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Crews are working to outfit the shaft with new cage and skip conveyances and have replaced thousands of feet of hoist cables
Erin Lorraine Broberg

Another series of upgrades to the Ross Shaft is underway at the Sanford Underground Research Facility (SURF). Crews are working to outfit the shaft with new cage and skip conveyances and have replaced thousands of feet of hoist cables.

These efforts are part of the Ross Shaft rehabilitation project, a complete overhaul of the shaft that began in 2012. The work prepares the Ross Shaft for its role as the main travel way for upcoming excavation and construction of the Long-Baseline Neutrino Facility (LBNF) to support the Deep Underground Neutrino Experiment (DUNE). DUNE, the world’s flagship neutrino experiment, is hosted by Fermi National Accelerator Laboratory (Fermilab) with locations at Fermilab and underground at SURF.

“The Ross Shaft will be critical to each phase of LBNF/DUNE construction, as well as the long-term operation of the experiment,” said Christopher Mossey, Fermilab deputy director for LBNF/DUNE-US.

Installing new conveyances

The Ross Shaft is the main highway to the underground for LBNF and DUNE. On this highway are two lanes, the cage and the skip compartments, that will be heavily traversed in the coming years. Now, SURF crews are working to install new conveyances in each of these compartments.

The skip compartment in the Ross Shaft is responsible for hauling, or “skipping,” excavated waste rock to the surface. Roughly 800,000 tons of rock must be excavated to create the caverns for DUNE’s massive detectors. Crews will soon install two new skips into the Ross Shaft skip compartment.

“These skips are similar to those used for mining purposes,” said Fermilab’s Syd DeVries, LBNF project engineer for Far Site building and site infrastructure. “Only, these will be used to haul waste rock, instead of ore.”


View looking down into new Ross Skip
View looking down into a new Ross Skip, which will soon be installed in the Ross Shaft and will be used to skip waste rock to the surface during excavation for DUNE. Photo by Matthew Kapust


The cage compartment functions much like an elevator, delivering people and materials to different levels of the facility. The newly fabricated cage resembles a traditional mining conveyance but has special design features to better facilitate DUNE construction, including higher ceilings and increased payload capacity.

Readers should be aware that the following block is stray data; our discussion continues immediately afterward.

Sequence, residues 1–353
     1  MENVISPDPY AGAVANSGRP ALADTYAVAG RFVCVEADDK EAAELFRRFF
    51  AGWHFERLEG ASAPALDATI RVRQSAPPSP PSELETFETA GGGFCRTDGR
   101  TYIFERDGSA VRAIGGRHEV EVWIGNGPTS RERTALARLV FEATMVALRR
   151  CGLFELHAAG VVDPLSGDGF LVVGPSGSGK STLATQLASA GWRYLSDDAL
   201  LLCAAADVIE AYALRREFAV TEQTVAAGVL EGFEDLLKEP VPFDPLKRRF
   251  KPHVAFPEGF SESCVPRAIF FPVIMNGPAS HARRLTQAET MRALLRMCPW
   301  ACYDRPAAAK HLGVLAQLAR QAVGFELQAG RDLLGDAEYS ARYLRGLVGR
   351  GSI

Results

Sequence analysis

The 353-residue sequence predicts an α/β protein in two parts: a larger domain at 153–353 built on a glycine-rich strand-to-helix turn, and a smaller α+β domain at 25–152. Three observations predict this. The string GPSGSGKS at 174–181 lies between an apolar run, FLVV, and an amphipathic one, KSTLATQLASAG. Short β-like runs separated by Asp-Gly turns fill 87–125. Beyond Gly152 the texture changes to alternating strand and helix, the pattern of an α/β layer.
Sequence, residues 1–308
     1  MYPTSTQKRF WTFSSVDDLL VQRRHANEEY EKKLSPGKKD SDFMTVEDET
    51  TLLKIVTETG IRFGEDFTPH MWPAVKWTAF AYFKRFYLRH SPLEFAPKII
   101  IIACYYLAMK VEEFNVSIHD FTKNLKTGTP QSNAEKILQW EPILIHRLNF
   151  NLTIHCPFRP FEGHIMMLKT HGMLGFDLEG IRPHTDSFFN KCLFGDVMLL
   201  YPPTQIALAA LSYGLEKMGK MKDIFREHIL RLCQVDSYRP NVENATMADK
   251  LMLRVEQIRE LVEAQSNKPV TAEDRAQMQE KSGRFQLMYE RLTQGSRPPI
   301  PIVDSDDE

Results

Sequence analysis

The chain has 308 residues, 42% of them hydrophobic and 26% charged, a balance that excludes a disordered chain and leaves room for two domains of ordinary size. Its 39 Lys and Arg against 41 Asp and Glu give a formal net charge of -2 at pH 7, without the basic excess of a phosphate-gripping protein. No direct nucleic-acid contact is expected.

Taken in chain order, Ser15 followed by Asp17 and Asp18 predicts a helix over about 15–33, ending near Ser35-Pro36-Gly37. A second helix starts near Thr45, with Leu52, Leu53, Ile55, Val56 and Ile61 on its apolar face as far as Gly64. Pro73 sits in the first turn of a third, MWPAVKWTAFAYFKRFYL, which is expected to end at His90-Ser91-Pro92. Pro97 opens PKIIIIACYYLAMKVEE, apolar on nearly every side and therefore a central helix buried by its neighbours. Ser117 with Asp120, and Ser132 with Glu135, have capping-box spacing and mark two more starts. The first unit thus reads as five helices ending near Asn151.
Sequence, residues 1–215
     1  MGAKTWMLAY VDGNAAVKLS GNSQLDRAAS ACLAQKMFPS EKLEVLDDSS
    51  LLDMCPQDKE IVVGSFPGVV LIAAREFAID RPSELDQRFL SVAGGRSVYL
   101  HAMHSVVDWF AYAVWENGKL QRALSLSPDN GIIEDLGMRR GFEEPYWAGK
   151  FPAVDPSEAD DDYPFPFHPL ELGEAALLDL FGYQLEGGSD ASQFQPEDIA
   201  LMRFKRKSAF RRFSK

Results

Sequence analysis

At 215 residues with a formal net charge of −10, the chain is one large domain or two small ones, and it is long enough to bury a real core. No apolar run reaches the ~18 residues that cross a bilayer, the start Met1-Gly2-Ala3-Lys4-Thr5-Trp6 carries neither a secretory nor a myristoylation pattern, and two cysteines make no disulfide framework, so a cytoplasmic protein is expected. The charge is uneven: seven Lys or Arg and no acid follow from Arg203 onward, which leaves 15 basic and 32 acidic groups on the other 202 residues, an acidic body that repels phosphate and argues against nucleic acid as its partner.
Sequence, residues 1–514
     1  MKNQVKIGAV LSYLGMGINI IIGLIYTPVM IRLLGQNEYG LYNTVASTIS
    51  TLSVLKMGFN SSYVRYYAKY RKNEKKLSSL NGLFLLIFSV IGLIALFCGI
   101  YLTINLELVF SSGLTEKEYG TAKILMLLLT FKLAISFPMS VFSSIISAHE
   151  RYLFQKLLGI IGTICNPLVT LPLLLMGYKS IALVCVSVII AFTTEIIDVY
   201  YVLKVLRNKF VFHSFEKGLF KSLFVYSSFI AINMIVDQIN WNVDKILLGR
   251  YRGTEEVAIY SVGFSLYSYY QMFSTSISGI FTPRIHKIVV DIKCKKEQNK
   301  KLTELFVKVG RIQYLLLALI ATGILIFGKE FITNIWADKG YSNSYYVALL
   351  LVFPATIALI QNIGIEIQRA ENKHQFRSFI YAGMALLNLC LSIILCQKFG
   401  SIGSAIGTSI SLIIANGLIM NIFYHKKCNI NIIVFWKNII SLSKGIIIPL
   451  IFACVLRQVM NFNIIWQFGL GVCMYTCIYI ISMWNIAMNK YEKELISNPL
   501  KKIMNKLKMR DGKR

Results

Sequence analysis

“When designing the cage, we spent a long time considering how to fit some of the key components of DUNE. Although some large loads will still need to be slung beneath the cage for transport, this cage design will help us fit more loads inside the conveyance itself,” DeVries said. 


Sitting in the Yates Headframe storage, a new cage awaits installation into the Ross Shaft cage compartment.
Currently in storage, this new cage will be installed in the Ross Shaft cage compartment. Photo by Nick Hubbard


Previously, both the skip and cage compartments housed work deck conveyances, which crews used as they rehabilitated the shaft’s steel infrastructure. Replacing the work decks with new skips and a cage marks a significant pivot in the project, as crews begin to transition from working on the shaft, to operating the shaft for the construction of DUNE.

Replacing hoist ropes

In early November, SURF crews worked with the Fortis Mining Engineering & Manufacturing company to replace the entire length of the steel cables, traditionally called “ropes,” in the cage compartment of the Ross Shaft. During a multi-day undertaking, travel ceased in the Ross Shaft as crews removed the old ropes, then installed 12,200 feet of 1 5/8-inch diameter thick steel rope, weighing nearly 28 tons. 

The previous ropes had been in use since the final days of Homestake Gold Mine and were still in working condition when they were replaced. During routine maintenance, end segments where ropes receive the most wear are removed for testing; each time a segment is removed, the rope is shortened, until the conveyances can no longer efficiently reach the lowest levels of the facility. Thus, before DUNE construction could begin in earnest, new ropes had to be installed.


A drum is loaded with new rope
A drum of new thick steel cable, or "rope," ready to replace older ropes in the Ross Shaft cage compartment. Photo by Nick Hubbard


Decades of work near completion

More upgrades must be completed before the Ross Shaft is certified and commissioned for use with the DUNE project, including major mechanical and electrical improvements to the Ross hoists, said Syd DeVries.

Since work on the Ross Shaft began in 2012, crews have upgraded, replaced or reinforced nearly every feature of the Ross Complex. From the entire reconstruction of shaft steel structure; the reopening of rock passes, the reinforcement of the headframe; the rope, cage and skips replacement; the upgrades to the Ross crusher; and the rebuilding of the tramway and conveyor system—this effort has transformed every facet of the Ross Complex in preparation for LBNF/DUNE.

“It's been a great partnership,” Mossey said. “Everyone continues to pull together and push the work forward, all with the additional challenge of operating in a COVID-impacted environment.”  


Two workers in the foreground observe another worker who is working on the top of the cage
In November, crews work to attach new ropes to the top of a conveyance in the Ross Shaft. Photo by Matthew Kapust


A new cage sits in storage, awaiting installation
This new cage awaits installation in the Ross Shaft cage compartment. The cage was designed with LBNF/DUNE construction and operation goals in mind. Photo by Nick Hubbard


The view from inside the cage
A view from inside the new Ross Cage conveyance. This cage will soon be installed in the Ross Shaft cage compartment. Photo by Nick Hubbard